A Special Day

Today is very special.

I remember three years ago, the rush and excitement of Alexander being introduced to the world.  He was always such a kicker in mommy’s belly, kicking with more force then his older brothers during their 9 month stay.  He was already determined to let the world know that he was a fighter.  A strong fighter.

Labor was typical at first for Alexander and didn’t change until early in the morning on June 13, 2014 when a nurse came in the room for a routine vitals check.  I was seated next to the hospital bed, half-asleep and half-ready to run a marathon.  I was awoken by a lot of commotion from the nurse who was frantically adjusting Alexander’s heart monitor band.  She’d quickly adjust the band then hold it steady while she stared at the screen and listened for vital signs.  No luck.

What was happening?

She called for assistance from another nurse who joined us in the room in an attempt to find vitals.  This nurse had a little bit of success, but it was short lived.  We’d hear a hint of a heart beat and then it would go away.  I didn’t know what this meant.  Was there something wrong with the monitor? They called in the doctors, we were going to have an emergency C-Section. Time was critical.

This was our first sign that things were going to be different for us and for little Alexander.  Here we are three years later on his 3rd birthday with a terrible diagnosis but hope for the future because of his new treatment.

The Medicine (Spinraza)

It has been a rough path with many battles but for a good cause and with a fruitful result.  Alexander is finally receiving his treatment.  Spinraza requires 4 loading doses and then follow-up doses every 4 months for the rest of his life.  The first 3 loading injections happened two weeks apart, while the final 4th loading dose occurs roughly 30 days after the 3rd dose.  Alex has had 3 of his loading doses so far and is scheduled to receive his final loading dose in two days.  We opted to not do it on his birthday.

Spinraza underwent multiple clinical trials that evaluated its efficacy with different types of SMA.  The CHERISH trial had 126 child participants between the ages of 2 and 12 (bless you) who were diagnosed after they were 6 months old.  The data showed a significant improvement in muscle function and motor skills after 15 months.  It is important to understand that not all children showed improvement.  And those that did show improvement, were doing so at different degrees.

It has been our hope that Alexander begins to rebuild strength and have more mobility to be a kid.  Ultimately we just want him to not get worse.  We want to avoid eating problems, breathing problems, anything that undermines his general health.  We want to maximize his quality of life and want him to be happy (psst.. he is!).  Having said that, we are already getting a glimpse of something exciting.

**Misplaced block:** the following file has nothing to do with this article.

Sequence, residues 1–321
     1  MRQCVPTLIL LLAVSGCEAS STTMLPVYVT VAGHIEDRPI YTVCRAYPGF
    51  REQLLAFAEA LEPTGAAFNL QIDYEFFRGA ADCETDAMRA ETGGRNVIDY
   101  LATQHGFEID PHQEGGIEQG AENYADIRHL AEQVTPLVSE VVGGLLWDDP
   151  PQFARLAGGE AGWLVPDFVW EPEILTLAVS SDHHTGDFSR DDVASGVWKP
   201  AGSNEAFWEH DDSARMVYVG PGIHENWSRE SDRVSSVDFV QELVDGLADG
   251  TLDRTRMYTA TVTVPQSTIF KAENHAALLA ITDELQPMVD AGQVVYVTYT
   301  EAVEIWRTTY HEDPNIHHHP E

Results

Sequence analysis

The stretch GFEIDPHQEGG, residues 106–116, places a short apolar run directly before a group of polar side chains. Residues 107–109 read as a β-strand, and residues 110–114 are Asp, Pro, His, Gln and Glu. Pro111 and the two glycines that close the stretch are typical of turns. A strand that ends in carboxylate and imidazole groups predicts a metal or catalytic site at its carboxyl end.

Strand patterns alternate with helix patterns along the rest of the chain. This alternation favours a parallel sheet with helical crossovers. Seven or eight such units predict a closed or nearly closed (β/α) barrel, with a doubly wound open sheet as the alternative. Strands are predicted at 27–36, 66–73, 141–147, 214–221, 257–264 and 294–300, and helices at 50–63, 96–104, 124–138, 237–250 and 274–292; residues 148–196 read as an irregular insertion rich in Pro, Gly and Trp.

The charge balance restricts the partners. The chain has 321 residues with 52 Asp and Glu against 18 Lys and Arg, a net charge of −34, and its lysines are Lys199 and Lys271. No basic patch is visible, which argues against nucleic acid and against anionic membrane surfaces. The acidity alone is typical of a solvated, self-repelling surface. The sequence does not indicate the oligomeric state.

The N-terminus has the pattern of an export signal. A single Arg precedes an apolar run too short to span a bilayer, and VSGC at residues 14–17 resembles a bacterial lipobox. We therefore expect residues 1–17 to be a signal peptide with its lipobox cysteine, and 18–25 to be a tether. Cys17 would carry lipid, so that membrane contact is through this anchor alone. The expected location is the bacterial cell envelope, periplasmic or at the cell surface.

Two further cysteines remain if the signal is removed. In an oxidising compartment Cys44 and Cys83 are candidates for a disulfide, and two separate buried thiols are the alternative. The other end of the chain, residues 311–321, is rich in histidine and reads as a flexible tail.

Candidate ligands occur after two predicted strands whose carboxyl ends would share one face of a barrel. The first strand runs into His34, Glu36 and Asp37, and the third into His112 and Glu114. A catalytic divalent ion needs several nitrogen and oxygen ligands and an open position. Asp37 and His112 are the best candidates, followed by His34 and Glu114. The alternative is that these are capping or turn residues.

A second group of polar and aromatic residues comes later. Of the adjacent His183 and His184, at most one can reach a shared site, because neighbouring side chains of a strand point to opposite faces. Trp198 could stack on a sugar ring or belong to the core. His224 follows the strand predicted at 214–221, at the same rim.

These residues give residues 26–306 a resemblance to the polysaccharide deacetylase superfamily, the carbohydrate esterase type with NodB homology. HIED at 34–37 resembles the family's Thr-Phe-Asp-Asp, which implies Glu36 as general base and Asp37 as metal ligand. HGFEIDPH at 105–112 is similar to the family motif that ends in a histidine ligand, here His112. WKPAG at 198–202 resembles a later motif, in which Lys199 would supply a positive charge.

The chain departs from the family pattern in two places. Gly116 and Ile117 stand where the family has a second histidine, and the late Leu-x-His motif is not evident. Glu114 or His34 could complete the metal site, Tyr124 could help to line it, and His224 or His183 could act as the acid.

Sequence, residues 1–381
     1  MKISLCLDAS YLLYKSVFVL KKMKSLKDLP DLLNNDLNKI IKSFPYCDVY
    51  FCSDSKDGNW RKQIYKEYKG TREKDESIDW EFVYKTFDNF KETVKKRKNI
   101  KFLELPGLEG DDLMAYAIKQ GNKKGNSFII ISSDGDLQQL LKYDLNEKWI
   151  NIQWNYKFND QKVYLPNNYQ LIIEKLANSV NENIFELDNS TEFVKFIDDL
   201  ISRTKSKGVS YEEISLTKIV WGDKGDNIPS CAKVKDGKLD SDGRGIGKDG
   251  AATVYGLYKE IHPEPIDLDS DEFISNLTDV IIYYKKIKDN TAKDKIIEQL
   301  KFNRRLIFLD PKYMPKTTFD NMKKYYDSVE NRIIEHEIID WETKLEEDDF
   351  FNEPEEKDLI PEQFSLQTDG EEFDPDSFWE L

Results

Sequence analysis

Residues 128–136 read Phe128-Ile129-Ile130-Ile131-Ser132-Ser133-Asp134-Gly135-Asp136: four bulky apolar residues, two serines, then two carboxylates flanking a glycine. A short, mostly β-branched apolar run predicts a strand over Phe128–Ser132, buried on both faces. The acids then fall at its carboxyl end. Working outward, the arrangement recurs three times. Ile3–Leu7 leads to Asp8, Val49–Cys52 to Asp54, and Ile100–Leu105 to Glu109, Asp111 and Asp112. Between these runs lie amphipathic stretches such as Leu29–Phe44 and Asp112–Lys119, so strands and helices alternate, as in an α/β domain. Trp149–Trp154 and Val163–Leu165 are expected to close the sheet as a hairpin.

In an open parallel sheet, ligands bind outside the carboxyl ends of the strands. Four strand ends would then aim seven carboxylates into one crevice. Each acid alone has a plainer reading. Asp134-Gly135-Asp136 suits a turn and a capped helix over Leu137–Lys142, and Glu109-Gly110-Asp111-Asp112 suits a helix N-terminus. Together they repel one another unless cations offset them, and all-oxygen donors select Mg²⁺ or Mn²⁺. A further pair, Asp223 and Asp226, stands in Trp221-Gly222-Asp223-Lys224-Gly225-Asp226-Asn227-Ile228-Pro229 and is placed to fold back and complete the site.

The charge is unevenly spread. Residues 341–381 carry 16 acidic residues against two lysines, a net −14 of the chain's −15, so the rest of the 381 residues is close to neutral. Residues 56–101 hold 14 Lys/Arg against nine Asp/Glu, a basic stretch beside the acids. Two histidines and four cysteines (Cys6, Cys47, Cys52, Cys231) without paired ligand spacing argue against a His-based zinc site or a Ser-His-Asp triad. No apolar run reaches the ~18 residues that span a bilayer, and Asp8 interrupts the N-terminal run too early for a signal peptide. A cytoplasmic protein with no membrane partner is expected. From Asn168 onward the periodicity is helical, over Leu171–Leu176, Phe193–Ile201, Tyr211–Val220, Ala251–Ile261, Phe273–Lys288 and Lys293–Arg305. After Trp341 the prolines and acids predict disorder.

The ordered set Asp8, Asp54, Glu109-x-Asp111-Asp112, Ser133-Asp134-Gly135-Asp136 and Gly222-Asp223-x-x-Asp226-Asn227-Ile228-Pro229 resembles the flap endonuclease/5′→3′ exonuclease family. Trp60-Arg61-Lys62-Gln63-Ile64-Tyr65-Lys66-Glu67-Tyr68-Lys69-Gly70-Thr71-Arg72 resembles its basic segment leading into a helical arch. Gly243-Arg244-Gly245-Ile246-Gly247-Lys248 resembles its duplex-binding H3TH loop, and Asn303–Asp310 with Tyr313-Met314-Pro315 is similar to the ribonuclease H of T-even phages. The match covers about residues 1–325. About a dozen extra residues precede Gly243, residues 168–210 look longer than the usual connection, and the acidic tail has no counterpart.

It’s the little things

Any sign of improvement in Alexander’s condition means that the drug is working, at least in some capacity.  If we see improvement then it raises our confidence that his little muscles won’t continue to atrophy as rapidly, or at all.  A slow and steady climb of increased strength is great and far better than the alternative.  Needless to say, there is a lot riding on the weeks, months, and years of his treatment.

The first indication of something positive occurred after his 2nd loading dose.  He seemed to have a stronger inner core that allowed him to project his voice at a volume that could get someone’s attention at the other end of the house (or next door!).  He seemed to be so much louder and more vocal than before.

A little bit later, after his 3rd loading doses, we noticed that he had more stamina, more energy.  Before treatment he didn’t want to spend more than an hour or two in his wheelchair.  He would get exhausted from sitting upright and maneuvering around the house.  His arms would ache and he’d ask to “get out” so that he could sit on the couch or in his high-low chair.

Now he likes to spend most of his day in his wheelchair exploring the house, chasing Charlie, or bugging his brothers!

We just recently noticed that his fingers aren’t trembling as much as they used to.  I’ve always paid close attention to his finger trembling, it was the differentiating symptom in our research that pointed to a diagnosis of SMA.  It didn’t seem that much else explained that I couldn’t brush off before we had a diagnoses.

This is an exciting milestone for him.  We noticed his tongue trembling in a similar way about 7 months ago which could be a sign of talking and/or swallowing problems that are soon to come.  This new improvement may translate to those muscles as well.


Alexander has been taking advantage of WV’s Birth to Three services for a little over a year.  Birth to Three is a great program and has been a tremendous help for our family and Alexander.  The people have shown tremendous care and concern for Alexander’s well-being and we will miss them dearly.

Since Alexander turned 3 today, he is no longer eligible for the program.  We think physical therapy will be critical to strengthening his muscles and for his overall well-being so we are now looking at outside physical therapy services that will be paid for by his insurance.  There don’t seem to be many options locally so long-distance travel may be our only option.

Whatever we need to do keep him active and progressing.

We are happy and hopeful, careful to restrain our excitement while encouraging Alexander to continue making progress.

We are also thankful.  Thankful to so many families that participated in clinical trials, some who were only receiving placebos, all so that children like Alexander could have a fighting chance.  Many made the ultimate sacrifice.

We will continue their fight to conquer SMA through Alex.